Gottfried, Paul. War and Democracy: Selected Essays 1975-2012. London; Arktos Media, Ltd., 2012.
The last time I saw Paul Gottfried was at the Mencken Club bash last November. At one point between lectures I passed him in a hallway having an animated conversation in French with some French visitors. A year or so before that, Paul and I were both speakers at Hans-Hermann Hoppe’s Property and Freedom Society conference in Bodrum, Turkey. Professor Hoppe’s attendees were disproportionately German and Austrian. Paul seemed to be doing most of his offstage conversing in German. A couple of years before that I committed, in an online column, some minor solecism with a technical term from Greek philosophy: Paul emailed in with a correction, including a full account of the etymology and Aristotelian usage of the offending term.
Rukmini Callimach, Associated Press
In this Sept. 16, 2012 file photo, fighters from Islamist group Ansar Dine leave after performing a public amputation, severing the hand of a young man found guilty of stealing rice, in Timbuktu, Mali.
MOPTI, Mali (AP) — Deep inside caves, in remote desert bases, in the escarpments and cliff faces of northern Mali, Islamic fighters are burrowing into the earth, erecting a formidable set of defenses to protect what has essentially become al-Qaida’s new country. More…
The same reporter who interviewed ATS also interviewed Chomsky around the same time.
I’ve no idea how former Nebraska senator and decorated Vietnam War veteran Chuck Hagel became President Obama’s preferred nominee for the job of Secretary of Defense. But when I learned about Hagel’s prospects, I was delighted. A social conservative with a skeptical view of America’s mission to convert the rest of the world to our current version of democracy, Hagel is someone I’ve long admired. Indeed I was hoping his campaign for president would take off four years ago. (Alas, it didn’t.)
For about a week after Hagel’s name surfaced as a possibility for Secretary of Defense, I was also hoping that his nomination would sail through the Senate effortlessly. I no longer think that’s the case. The Log Cabin Republicans yesterday took out a full-page New York Times advertisement to attack Hagel, who once voiced objections to having those who are openly gay serving in the military. He also objected to the muzzling of free speech in what looked like hate speech laws. His opponents have scolded him for being deficient in sensitivity, and in our politically correct democracy that may be the worst possible offense that any mortal could commit.
Schwarzkopf’s former partner in crime isn’t doing so well, either.
Former U.S. President George H.W. Bush has been moved to an intensive care unit at a hospital in Houston, Texas.
The former president, 88, was admitted to the hospital last month suffering from bronchitis. His spokesman says Bush was moved to the intensive care unit Sunday after a “series of setbacks,” including a persistent fever. The spokesman says Bush continues to be alert and that doctors are “cautiously optimistic” about his treatment.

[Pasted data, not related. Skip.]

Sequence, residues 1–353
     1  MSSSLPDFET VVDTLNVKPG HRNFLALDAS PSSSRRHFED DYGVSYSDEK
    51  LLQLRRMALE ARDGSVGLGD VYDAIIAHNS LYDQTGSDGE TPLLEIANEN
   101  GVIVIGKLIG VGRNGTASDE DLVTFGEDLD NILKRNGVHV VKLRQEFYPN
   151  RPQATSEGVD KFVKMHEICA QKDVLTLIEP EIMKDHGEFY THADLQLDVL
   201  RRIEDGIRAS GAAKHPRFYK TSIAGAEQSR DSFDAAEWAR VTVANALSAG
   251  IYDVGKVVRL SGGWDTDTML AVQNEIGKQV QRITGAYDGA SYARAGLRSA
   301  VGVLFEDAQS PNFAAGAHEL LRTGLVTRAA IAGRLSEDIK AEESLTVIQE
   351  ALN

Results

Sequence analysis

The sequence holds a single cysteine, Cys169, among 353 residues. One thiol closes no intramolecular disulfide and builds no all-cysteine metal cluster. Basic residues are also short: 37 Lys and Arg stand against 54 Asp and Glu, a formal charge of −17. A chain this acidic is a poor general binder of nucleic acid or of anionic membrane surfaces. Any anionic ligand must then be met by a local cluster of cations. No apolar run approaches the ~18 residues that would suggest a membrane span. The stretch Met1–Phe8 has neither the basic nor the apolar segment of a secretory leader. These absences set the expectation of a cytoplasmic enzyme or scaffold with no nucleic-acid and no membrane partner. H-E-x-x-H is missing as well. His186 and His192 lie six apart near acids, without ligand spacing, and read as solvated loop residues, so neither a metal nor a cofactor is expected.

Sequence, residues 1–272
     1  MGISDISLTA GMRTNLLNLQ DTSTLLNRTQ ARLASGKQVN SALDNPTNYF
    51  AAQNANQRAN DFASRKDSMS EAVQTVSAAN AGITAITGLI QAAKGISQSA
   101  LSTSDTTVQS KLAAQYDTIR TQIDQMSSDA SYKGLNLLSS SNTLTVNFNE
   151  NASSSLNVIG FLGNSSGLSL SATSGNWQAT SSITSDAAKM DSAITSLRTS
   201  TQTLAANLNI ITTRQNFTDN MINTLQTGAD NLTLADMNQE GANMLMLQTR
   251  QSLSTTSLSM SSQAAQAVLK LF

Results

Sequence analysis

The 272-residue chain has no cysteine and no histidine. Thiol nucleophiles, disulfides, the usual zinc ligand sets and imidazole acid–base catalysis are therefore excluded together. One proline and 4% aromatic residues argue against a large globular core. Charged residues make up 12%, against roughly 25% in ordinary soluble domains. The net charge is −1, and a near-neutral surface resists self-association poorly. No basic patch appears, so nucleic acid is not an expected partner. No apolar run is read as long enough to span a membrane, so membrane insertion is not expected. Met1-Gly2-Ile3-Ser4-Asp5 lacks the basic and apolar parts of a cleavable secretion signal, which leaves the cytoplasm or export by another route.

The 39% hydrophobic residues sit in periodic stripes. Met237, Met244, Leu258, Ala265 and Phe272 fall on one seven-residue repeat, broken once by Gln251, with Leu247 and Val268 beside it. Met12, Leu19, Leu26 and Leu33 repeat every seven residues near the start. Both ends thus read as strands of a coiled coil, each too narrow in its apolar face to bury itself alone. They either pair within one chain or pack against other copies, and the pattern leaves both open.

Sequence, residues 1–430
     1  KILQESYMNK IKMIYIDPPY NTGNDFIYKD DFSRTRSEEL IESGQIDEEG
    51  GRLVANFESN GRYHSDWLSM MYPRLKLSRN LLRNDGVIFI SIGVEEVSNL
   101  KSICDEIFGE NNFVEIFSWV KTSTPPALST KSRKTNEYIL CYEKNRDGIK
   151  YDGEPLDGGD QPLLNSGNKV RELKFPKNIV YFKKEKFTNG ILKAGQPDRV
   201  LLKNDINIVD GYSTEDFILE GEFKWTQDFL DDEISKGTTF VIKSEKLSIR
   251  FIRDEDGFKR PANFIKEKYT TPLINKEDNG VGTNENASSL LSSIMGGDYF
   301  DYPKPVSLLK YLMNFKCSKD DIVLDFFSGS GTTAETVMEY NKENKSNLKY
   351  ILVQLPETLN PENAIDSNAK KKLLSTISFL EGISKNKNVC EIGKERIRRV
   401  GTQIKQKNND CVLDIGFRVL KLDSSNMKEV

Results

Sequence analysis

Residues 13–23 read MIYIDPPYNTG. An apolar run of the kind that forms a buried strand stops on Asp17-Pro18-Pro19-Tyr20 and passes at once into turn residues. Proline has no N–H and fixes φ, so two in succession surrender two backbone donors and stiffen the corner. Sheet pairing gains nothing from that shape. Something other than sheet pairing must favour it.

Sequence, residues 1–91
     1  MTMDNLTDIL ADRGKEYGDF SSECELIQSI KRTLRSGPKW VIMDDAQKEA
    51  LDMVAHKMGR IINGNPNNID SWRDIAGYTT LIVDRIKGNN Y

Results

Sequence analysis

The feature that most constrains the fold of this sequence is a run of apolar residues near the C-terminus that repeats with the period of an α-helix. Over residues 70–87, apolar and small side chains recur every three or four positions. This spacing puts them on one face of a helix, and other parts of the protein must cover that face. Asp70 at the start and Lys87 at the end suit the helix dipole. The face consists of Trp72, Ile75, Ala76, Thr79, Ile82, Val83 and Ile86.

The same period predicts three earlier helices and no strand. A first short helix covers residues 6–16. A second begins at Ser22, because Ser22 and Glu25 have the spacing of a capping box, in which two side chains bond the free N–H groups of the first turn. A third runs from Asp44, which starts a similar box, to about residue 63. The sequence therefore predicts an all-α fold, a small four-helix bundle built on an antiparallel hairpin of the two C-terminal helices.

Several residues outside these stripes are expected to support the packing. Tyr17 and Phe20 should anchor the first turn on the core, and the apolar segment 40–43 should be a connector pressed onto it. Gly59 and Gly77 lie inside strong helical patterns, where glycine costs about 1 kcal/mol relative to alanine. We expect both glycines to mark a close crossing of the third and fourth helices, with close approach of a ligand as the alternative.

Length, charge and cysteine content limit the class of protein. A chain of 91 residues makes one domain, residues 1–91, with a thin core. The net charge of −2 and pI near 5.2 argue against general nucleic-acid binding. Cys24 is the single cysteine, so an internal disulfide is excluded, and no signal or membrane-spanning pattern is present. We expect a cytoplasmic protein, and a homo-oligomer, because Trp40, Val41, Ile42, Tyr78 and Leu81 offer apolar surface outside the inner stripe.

by Vince Rinehart
In case you haven’t heard, a social movement among Native people has begun in Canada, protesting against the Conservative Government’s budget bill which would cut More…
Zapatistas: “to be heard, we march in silence”
by Leonidas Oikonomakis on December 21, 2012
The Zapatistas are back! Flowing like the water of the river that beats the sword. And while some were anticipating the Christmas holidays, some others the end of the Maya calendar, and others still the new Communiqué from the Comandancia General of the EZLN that was announced back in November, the main cities of Chiapas woke up today with memories of 1994.
The Staff of Danger Room
There used to be an established order to the world. A structure to things. You couldn’t print a gun like a term paper. It was impossible to wreck a nuclear production plant with a few lines of code. Flying robots didn’t descend on you in the dead of night and kill you in your home. More…
The anti-Hagel campaign reveals the psychopathology of radical Zionism
The campaign to demonize Chuck Hagel in the run up to his possible confirmation hearings as Secretary of Defense is going full swing. As I told my readers the other day, “get ready for a mudslide of smears and innuendo as the [Israel] Lobby homes in for the kill.” Twenty-four hours later, there are so many entrants into what appears to be a competition to see who can come up with the nastiest smears that one has a hard time deciding on a winner. After some deliberation, however, I have to give Bret Stephens, the Wall Street Journal’s foreign affairs editor, the prize.
This article is included in the recently released National-Anarchism: Theory and Practice, edited by Troy Southgate and available from Black Front Press.
By Wayne John Sturgeon
Mutualism as Free Market Anti-Capitalism
It was the French philosopher Pierre-Joseph Proudhon who first coined the term ‘anarchist’ and produced the economic theory of ‘mutualism’. This original anarchism and mutualism envisaged a society which, contrary to popular notions, was pro private property, patriotist, and advocated a kind of co-operative free marketism through the establishment of a mutual credit bank, which would lend to people at a minimal interest rate to avoid systematic debt creation and usury, etc. Although widely celebrated by the ‘left’ for his slogan ‘property is theft’, this slogan is completely taken out of context and misrepresented; for he also said, ‘property is order’, distinguishing between the
property created by labour and the ‘property’ created by state coercion and exploitation.